The fort had everything it needed to survive for a long time. Built in the style of the forts of New Spain, they were almost colonists since they had to maintain crops to maintain themselves and survive in lands with extreme climates in this case of low temperatures.
Shelter for boats of all nationalities
Not only were ships from California and Mexico visiting the base. Ships came from other countries, the United States, Russia, France, England, visiting the area, to trade. There they bought provisions and rested.
It was visited by the Spanish Scientific Expedition of Malaspina in the year 1791. They were in the place for a time and carried out scientific studies of the main characteristics, fauna, flora, geology of the territories.
English and James Cook’s surprise
Late visit an already explored Alaska
He found silver spoons from the Spanish Juan Pérez, stolen by the natives several years before during his visit to the area.
The explorer James Cook visited the area in 1778 and came ashore. There he was met with an unexpected surprise. The Indians showed him Spanish silver spoons. The Spanish had also arrived first to the lands of Alaska.
When James Cook arrived on the island 4 years later, that a Spanish expedition. He was surprised to find Spanish silver teaspoons among the natives. He did not know that in this place in 1774, the indigenous people stole some objects from the Spanish, including some silver spoons from Juan Pérez.
Spain presented to England this evidence which appeared in Cook’s English newspapers and in the Spanish ones described by Father Crespi. England never wanted to admit that Spain came before. Just as she never recognized the use of Spanish maps in her travels through the Pacific Ocean.
The so-called and mythologized English explorer practically made a tour of places previously visited by the Spanish and thanks to the fact that he had the Spanish maps that the English stole in the temporary occupation of Manila in the Philippine Islands, Spanish for more 400 years.
Quadra Island and Vancouver
In 1792 Juan Francisco Bodega y Quadra, was sent to the island to negotiate the abandonment agreements with the English Captain Vancouver. They maintained very good relations, but Bodega and Quadra refused to leave the island against the orders of their superiors, since the presence in the area preceded the Spanish to the English.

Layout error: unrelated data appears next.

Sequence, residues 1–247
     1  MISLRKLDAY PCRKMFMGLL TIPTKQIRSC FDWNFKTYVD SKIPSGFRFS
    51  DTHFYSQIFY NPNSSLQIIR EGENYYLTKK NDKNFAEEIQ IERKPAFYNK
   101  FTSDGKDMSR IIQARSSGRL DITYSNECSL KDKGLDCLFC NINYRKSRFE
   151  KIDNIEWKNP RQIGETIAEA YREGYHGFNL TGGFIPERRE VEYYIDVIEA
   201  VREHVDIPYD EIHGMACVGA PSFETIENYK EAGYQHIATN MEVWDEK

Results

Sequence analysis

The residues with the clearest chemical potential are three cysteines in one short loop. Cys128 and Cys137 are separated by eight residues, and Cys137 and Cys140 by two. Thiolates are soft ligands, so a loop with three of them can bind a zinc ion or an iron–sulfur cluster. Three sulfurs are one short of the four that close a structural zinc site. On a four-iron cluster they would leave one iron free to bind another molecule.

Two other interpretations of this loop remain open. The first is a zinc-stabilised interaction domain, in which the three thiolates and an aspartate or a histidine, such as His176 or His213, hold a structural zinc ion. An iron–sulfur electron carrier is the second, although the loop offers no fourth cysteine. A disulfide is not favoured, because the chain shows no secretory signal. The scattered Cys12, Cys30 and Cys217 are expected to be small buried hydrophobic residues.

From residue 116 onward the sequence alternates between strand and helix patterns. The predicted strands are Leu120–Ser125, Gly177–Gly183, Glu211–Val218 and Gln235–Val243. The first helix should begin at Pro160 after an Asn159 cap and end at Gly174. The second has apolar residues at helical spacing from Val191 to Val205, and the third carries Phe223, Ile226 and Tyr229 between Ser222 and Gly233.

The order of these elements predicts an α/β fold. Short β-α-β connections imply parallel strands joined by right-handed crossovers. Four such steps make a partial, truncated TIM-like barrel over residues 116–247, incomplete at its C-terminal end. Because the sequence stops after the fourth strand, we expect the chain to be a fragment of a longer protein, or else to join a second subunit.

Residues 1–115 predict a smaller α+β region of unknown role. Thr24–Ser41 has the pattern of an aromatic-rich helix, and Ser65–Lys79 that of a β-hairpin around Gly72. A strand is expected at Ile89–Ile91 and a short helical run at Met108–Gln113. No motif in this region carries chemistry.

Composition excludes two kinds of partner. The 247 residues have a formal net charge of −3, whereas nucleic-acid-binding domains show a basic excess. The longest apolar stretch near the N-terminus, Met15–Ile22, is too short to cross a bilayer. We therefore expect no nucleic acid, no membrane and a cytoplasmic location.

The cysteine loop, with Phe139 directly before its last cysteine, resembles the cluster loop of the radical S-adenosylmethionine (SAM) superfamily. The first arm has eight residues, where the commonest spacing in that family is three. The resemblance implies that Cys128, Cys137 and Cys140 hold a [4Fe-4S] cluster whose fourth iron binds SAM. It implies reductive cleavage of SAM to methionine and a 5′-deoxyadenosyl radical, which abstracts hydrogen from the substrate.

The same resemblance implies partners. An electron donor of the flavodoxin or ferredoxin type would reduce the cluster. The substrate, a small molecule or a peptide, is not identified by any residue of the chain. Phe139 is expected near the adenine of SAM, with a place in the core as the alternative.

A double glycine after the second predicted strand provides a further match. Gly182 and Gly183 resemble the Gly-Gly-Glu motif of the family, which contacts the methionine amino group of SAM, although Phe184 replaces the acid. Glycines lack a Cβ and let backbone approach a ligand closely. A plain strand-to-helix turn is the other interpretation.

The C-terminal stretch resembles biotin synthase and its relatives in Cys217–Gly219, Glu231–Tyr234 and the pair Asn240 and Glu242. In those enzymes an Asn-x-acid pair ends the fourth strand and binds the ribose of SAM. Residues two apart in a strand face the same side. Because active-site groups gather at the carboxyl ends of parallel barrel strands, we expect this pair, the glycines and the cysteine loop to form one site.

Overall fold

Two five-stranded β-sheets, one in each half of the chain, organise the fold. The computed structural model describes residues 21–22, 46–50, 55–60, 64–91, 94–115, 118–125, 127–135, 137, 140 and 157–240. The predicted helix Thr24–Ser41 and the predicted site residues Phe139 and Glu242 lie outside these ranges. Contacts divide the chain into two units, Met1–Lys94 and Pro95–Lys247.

Years later, the English Captain Vancouver wanted to fix it by calling Nootka Island “Quadra Island and Vancouver”. Their idea of him in practice they wanted to forget and later they cut the name. It is currently known only as Vancouver Island. One of many English attributions in history.
Abandoned in 1795, by an agreement with England
The Ultimatum of England, which threatened a new war, if it continued to admit Spanish sovereignty over Alaska and Nootka
The evidence that Spain was in Alaska before England was so evident that although the British did not recognize that they had no historical, or factual rights, they changed their strategy.
forced to leave the fort. The threat was not in vain, in England recruits were made to prepare a military expedition to the area. The facilities are abandoned, and are left in the hands of the indigenous people of the area.
Spanish Monopoly in the Pacific
Trade between Asia and North America
The English used Portuguese flag ships to visit it
For many centuries the Spanish controlled the Pacific trade from America. To such an extent that the Philippine Islands and other Pacific islands depended on the Viceroyalty of New Spain (North American territories)
By not admitting Spain bases of any other country, considering the territories of its sovereignty, the English used other means. Taking advantage of the fact that Spain authorized some licenses to the Portuguese. England promotes trips on Portuguese-flagged ships, in which English crew members were introduced, in order to visit the area and trade with the indigenous people.
Many Spanish place names in Alaska
In 1774 the Spanish were the first Europeans
Although it is hardly known, it was Spanish explorers and sailors such as Perez, Martínez, Francisco Quadra, Caamaño etc, who put names, which still persist today.
Some examples are Alberto islands (Alberto islands), Alberto arrecife (Alberto Reef), Bahía de Quevedo, Ballena islands (Ballena islands), Ballena
Quadra Island and Vancouver abandoned by Spain
The explorations were not continued, nor the establishment of new colonies
Unfortunately the population of the peninsula was not enough. The Crown of Spain had more territory than it could hold. If it was difficult to maintain California, the idea of installing bases in Alaska and Canada was scrapped. Because of the cost and the friction with England.